The largest genetic study of eczema ever performed permitted a team of international researchers to identify ten previously unknown genetic variations that contribute to the development of the condition. [University of Gothenburg]

With cold winter temperatures looming around the corner for much of the northern hemisphere, the arid frigid air seemingly brings along with it dry, itchy skin. Yet, for a fair number of people this type of skin malady is a constant part of life, regardless of the season.

Atopic dermatitis—commonly known as eczema—is a common inflammatory skin disorder that affects one out of every five children and between 5-10% of the adult population. While inheritability patterns and some genetic markers have been identified for the disease, most of the genes responsible for the skin condition have yet to be determined.

Now, an international team of scientists from clinical researcher centers across the globe have conducted the largest study to date of atopic dermatitis, pooling data obtained from 377,000 subjects in 40 different projects around the world.     

“We identified ten new genetic variations, making a total of 31 that are currently known to be associated with atopic dermatitis,” explained co-author Bo Jacobsson, M.D., Ph.D., professor and chief physician in the department of obstetrics and gynecology at the Sahlgrenska Academy, a division of the University of Gothenburg. “Of particular interest is that each of the new ones has a role to play in regulation of the immune system.”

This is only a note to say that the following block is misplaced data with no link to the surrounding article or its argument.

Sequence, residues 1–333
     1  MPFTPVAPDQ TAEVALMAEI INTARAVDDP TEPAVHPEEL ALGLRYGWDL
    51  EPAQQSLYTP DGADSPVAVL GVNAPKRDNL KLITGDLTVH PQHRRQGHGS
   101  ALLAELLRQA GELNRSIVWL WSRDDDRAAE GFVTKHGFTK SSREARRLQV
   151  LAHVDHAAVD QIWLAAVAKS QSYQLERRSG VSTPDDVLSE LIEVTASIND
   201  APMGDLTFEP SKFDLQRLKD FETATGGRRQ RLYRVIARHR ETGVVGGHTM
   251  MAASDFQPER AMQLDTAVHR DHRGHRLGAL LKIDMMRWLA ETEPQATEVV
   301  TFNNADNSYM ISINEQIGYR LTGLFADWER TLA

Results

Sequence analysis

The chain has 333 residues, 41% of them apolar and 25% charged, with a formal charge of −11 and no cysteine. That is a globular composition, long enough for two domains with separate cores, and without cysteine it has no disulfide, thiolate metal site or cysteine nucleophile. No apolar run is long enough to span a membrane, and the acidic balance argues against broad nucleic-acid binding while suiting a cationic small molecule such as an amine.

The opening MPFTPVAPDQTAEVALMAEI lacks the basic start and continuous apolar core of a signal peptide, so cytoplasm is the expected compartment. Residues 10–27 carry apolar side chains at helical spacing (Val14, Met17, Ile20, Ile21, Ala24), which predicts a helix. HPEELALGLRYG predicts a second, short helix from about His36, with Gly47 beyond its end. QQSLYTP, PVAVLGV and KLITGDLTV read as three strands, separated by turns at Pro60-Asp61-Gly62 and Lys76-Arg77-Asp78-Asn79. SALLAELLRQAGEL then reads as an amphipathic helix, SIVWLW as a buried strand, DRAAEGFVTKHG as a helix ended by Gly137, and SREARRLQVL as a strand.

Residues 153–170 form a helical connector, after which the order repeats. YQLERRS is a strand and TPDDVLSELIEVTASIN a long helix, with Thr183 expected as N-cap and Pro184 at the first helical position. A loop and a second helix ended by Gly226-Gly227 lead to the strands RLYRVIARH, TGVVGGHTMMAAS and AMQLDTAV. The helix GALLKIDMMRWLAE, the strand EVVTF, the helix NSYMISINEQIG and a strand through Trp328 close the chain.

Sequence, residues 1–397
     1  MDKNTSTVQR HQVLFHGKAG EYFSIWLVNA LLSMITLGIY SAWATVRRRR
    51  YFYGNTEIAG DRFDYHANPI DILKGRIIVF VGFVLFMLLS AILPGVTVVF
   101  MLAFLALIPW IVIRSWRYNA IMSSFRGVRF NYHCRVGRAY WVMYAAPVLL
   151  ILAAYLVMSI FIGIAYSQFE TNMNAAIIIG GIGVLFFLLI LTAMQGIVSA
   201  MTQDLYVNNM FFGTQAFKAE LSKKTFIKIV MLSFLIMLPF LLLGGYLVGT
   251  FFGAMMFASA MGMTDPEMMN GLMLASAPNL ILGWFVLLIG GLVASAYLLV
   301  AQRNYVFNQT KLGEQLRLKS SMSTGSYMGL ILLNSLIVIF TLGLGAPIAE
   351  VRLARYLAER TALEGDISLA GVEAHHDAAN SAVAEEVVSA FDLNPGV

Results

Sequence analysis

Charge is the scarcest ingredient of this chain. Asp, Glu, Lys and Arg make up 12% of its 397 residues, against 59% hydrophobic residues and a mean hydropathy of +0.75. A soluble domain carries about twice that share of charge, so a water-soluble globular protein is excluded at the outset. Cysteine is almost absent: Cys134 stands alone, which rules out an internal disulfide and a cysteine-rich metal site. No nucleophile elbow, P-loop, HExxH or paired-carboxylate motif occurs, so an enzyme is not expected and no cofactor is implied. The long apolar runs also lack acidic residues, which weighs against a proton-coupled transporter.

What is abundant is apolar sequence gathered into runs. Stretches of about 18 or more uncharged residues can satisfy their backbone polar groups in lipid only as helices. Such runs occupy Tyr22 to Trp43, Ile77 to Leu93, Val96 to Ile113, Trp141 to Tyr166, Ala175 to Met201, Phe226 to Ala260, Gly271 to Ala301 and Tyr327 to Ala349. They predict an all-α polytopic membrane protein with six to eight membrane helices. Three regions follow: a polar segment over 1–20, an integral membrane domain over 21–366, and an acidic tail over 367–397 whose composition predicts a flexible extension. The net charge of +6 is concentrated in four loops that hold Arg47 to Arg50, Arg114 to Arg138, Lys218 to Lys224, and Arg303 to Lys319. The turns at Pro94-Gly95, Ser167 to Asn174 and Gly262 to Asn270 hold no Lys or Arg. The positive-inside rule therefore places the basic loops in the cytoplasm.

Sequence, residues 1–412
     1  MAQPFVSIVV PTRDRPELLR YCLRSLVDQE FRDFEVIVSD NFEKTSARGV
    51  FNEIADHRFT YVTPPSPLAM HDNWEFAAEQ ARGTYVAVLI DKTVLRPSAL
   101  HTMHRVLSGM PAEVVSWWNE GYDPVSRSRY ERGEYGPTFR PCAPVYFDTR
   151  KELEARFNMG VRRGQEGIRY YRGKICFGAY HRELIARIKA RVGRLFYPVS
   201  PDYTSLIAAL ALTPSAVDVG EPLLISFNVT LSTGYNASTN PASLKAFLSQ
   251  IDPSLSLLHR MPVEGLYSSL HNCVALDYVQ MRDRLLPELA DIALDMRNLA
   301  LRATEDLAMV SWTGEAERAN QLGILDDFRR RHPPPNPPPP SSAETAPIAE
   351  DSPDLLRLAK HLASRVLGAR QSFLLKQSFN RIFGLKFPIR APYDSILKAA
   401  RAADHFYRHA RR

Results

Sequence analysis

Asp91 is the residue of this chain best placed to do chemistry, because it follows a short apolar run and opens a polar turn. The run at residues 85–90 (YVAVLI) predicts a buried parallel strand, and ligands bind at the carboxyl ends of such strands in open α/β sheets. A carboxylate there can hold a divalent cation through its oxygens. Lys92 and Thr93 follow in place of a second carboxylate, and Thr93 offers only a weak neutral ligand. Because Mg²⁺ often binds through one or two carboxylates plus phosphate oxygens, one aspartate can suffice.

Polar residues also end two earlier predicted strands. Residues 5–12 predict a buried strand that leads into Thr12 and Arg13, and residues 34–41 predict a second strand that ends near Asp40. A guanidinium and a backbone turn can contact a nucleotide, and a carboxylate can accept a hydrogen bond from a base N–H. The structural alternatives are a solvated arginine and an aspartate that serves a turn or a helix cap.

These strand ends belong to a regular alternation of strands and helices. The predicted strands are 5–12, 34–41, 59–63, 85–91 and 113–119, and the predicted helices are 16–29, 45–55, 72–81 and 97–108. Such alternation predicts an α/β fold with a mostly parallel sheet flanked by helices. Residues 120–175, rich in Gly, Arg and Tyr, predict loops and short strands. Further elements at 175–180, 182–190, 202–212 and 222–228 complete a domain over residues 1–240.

The findings from this study were published recently in Nature Genetics through an article entitled “Multi-ancestry genome-wide association study of 21,000 cases and 95,000 controls identifies new risk loci for atopic dermatitis.”

Among the new candidate genes for eczema, the researchers came upon loci that are important for the innate immune system and for the development and function of T-cells, which play an important role in various immune responses.

“We identified ten new risk loci, bringing the total number of known atopic dermatitis risk loci to 31 (with new secondary signals at four of these loci),” stated the researchers. “Notably, the new loci include candidate genes with roles in the regulation of innate host defenses and T cell function, underscoring the important contribution of autoimmune mechanisms to atopic dermatitis pathogenesis.”

Interestingly, the newly identified genetic regions show a robust correlation with known risk loci for other immune disorders such as asthma, allergies, and other chronic inflammatory diseases like Crohn's disease and psoriasis, as well as with autoimmune diseases.

“While the new variations contribute in only a small way to the risk of developing atopic dermatitis, knowing about them will raise our awareness of the mechanisms for the various diseases,” noted Dr. Jacobsson. “Our ultimate hope is that additional treatment methods will emerge as a result.”

For this study, the researchers incorporated a total of 21,399 cases of European, African, Japanese, and Latino ancestry in 22 different studies comparing them with 95,464 controls. Moreover, the findings were then replicated in 18 studies of 32,059 cases and 228,628 controls.

“While not detracting from the importance of maintaining the skin barrier in the prevention and treatment of atopic dermatitis, our findings lend support to new therapeutic approaches targeted at immune modulation,” concluded the investigators.

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